Two notes of clarification: “Whoring trains” is serial rape. The settlement in question is the new teacher contract the union- and Caucus-backed board negotiated with the union. The settlement gives teachers more influence over how discipline will be handled at individual schools.
The Facebook thread in question and a blog Olson apparently maintained have been taken down, making it impossible to see whether Olson’s claims that the statements read differently in context hold water.
Confrontations ensued, both online and in real life, culminating in a meeting between Turner and Superintendent Valeria Silva and Olson’s placement on paid administrative leave—much of which played out in the headlines.
On Wednesday, following Olson’s suspension, Ms. Bevier started a new thread on the Caucus page:
“Shame on the school administrators. This teacher was not posting racist remarks; he was stating his opinion on the fighting and lack of consistent discipline at Como Park Senior High School. His First Amendment right has been taken away. I am confused about the direction of Black Lives Matter St Paul. Certainly made the Saint Paul Public Schools SPPS run scared.”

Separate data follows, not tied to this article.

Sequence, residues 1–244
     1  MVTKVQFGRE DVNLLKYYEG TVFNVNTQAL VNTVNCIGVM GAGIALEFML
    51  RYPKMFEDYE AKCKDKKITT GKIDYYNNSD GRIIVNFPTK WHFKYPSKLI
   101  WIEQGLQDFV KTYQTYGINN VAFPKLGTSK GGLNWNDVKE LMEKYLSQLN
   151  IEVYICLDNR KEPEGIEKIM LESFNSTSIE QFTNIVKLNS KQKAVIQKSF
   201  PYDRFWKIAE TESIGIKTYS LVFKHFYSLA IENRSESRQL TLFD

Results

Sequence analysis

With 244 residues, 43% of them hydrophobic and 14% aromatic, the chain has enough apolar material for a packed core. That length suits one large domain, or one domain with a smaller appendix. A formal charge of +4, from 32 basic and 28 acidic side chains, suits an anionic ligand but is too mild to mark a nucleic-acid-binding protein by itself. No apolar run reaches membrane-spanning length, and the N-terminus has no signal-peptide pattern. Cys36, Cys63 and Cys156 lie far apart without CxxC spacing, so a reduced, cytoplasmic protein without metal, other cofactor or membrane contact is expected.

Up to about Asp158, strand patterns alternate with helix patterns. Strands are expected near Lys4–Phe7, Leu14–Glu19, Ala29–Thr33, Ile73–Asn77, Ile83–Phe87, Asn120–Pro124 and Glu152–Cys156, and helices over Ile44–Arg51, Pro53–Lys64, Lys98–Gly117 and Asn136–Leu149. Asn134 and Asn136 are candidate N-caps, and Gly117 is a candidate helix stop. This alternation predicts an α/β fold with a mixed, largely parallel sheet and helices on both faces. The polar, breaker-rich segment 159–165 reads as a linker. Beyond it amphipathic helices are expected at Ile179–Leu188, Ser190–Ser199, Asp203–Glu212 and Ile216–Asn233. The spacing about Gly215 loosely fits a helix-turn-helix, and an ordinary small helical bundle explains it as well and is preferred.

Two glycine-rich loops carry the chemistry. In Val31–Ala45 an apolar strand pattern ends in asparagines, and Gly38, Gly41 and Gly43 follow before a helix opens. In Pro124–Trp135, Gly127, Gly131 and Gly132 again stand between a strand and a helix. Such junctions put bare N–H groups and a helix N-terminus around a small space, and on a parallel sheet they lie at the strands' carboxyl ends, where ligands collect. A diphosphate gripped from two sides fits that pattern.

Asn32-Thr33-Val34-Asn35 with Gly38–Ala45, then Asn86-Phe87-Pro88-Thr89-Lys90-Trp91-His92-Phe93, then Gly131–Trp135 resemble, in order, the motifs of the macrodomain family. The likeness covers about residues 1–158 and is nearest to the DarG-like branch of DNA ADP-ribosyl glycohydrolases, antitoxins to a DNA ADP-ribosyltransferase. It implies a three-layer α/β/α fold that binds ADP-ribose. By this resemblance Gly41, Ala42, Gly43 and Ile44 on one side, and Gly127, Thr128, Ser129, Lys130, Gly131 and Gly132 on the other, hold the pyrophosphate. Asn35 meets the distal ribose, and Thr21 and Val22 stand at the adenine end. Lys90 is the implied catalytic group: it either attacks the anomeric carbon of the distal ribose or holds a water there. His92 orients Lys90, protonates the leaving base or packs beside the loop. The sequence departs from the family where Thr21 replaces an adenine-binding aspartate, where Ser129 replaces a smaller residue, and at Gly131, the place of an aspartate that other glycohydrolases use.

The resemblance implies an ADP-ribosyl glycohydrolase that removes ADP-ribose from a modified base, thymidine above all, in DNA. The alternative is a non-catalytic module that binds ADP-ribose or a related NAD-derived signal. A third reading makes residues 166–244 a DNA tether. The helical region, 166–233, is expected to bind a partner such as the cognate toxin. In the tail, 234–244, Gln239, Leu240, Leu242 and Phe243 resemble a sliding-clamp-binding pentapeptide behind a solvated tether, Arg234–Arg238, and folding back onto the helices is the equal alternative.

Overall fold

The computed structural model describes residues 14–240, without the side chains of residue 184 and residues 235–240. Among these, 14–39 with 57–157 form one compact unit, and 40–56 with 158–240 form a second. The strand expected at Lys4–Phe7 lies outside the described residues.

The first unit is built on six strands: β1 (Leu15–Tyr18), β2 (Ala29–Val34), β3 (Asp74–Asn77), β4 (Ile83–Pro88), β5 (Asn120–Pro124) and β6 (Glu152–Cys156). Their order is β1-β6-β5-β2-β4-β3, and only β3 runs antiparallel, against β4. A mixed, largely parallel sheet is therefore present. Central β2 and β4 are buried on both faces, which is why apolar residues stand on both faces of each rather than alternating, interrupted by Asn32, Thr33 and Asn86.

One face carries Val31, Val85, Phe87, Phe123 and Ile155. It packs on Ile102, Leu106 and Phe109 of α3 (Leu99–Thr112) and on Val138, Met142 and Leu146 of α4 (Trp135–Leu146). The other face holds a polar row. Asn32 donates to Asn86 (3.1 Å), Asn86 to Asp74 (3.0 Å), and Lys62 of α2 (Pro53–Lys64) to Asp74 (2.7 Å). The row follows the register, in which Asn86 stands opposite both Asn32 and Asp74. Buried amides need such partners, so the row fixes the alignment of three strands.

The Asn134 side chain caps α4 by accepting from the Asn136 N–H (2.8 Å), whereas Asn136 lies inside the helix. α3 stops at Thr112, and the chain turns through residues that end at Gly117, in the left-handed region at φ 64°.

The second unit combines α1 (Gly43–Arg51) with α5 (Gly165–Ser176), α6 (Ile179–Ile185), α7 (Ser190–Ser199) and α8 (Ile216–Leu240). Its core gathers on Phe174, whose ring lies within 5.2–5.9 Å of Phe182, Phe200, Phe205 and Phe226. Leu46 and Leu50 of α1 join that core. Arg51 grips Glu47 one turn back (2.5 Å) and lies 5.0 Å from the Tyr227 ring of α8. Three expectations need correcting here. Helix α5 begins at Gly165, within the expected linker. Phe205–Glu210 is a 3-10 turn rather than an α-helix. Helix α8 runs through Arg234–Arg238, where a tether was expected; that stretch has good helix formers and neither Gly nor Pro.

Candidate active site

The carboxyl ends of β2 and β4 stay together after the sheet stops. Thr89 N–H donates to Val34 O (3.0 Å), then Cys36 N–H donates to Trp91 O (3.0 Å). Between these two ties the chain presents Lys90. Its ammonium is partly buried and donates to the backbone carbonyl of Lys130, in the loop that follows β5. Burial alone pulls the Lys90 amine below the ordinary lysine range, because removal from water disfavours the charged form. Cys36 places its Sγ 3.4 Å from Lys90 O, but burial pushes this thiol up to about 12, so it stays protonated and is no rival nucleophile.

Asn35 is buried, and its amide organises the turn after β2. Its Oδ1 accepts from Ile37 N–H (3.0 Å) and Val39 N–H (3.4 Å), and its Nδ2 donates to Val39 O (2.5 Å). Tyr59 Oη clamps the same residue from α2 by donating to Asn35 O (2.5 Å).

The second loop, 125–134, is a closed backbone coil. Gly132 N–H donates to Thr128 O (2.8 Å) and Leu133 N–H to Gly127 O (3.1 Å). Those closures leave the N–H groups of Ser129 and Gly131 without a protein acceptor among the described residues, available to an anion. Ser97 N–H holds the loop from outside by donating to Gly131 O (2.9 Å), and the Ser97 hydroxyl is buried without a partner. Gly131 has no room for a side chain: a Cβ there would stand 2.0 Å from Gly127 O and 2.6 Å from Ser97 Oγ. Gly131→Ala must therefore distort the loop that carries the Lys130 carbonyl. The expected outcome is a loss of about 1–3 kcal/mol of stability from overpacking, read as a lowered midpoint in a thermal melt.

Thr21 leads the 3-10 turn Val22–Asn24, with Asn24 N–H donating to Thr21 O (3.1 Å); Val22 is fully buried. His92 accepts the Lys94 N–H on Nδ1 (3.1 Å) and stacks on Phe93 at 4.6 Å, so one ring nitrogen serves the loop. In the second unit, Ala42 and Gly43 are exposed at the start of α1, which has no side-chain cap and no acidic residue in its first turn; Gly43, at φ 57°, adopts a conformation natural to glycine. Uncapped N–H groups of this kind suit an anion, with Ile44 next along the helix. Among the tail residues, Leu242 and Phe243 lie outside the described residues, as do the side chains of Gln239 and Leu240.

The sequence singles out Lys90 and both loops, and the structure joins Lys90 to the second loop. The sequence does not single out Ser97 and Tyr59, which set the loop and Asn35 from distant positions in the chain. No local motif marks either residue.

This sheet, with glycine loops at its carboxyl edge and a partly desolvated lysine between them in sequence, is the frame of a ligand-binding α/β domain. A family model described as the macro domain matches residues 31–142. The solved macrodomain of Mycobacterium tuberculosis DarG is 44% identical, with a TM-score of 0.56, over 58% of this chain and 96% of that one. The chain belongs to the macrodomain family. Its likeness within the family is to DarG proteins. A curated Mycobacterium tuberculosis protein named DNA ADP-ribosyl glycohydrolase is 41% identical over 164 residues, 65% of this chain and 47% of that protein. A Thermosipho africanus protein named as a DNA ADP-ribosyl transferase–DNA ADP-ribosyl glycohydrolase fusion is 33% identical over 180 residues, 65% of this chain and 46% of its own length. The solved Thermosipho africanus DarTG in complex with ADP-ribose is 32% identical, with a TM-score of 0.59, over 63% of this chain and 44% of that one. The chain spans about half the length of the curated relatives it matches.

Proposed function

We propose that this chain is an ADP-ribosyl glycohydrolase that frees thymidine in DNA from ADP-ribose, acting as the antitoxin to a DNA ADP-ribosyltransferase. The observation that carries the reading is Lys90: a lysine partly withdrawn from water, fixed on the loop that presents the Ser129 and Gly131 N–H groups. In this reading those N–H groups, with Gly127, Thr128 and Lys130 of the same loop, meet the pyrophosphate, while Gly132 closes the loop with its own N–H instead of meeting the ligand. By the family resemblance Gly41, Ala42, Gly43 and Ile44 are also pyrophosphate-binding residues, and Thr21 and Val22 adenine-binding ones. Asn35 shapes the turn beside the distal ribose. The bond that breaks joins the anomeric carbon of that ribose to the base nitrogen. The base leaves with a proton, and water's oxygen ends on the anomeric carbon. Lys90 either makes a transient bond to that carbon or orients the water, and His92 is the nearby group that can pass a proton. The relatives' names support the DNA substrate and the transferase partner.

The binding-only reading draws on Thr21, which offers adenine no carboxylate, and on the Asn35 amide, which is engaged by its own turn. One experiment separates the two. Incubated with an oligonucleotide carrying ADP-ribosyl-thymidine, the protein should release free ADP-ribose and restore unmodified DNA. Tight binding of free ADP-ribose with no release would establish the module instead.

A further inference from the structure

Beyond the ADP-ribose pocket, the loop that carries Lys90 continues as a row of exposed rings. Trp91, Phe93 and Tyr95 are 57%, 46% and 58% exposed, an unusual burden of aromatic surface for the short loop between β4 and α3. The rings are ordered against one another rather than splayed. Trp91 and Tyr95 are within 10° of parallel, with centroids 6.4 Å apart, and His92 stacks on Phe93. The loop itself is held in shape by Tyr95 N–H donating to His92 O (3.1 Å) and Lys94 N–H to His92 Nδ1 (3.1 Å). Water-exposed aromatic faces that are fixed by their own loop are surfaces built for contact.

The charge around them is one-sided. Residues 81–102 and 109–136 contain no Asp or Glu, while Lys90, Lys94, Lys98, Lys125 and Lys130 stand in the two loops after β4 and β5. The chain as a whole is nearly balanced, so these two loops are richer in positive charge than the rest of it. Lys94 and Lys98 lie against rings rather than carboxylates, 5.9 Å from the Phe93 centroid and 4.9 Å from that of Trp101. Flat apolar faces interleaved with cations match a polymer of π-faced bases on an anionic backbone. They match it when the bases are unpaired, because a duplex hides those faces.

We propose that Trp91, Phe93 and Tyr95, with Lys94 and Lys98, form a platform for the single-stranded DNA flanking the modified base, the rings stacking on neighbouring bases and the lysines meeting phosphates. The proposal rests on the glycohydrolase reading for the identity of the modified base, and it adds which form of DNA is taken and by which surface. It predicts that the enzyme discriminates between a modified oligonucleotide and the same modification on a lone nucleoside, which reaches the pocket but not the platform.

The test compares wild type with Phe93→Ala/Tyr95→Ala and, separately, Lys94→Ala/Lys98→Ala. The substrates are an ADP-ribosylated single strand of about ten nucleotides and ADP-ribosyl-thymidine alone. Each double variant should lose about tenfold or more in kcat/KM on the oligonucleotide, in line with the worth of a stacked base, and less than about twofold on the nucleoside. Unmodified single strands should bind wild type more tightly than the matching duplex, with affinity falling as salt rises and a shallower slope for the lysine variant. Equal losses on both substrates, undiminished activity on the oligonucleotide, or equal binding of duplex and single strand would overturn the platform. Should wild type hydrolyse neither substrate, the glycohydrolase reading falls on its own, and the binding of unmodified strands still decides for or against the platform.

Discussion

“When did BLM Saint Paul become the FB police?” St. Paul teacher Diedra Carlson replied. “How ironic. This issue is not about race, it’s about free speech. I urge every teacher, and educator who supports BLM Saint Paul at SPPS to disavow this group, tighten your FB security and ‘unfriend’ this group.”
“I believe a public statement was made to that effect from BLM Minneapolis, when they disavowed BLM Saint Paul over the summer, who identifies with the national group,” she also posted.
Olson’s supporters have insisted that the remarks had no racial overtones and that his free speech rights are being violated by his suspension. Those offended by the posts questioned whether a man who held his students in such low regard should be teaching.
And not for nothing: In St. Paul two-thirds of students placed in special ed for “emotional-behavioral disorder”—a classification that’s heavily dependent on the perceptions of mostly white teachers of students’ attitudes—are African American. Before the new policies, 10 times as many black St. Paul students as whites were suspended or expelled.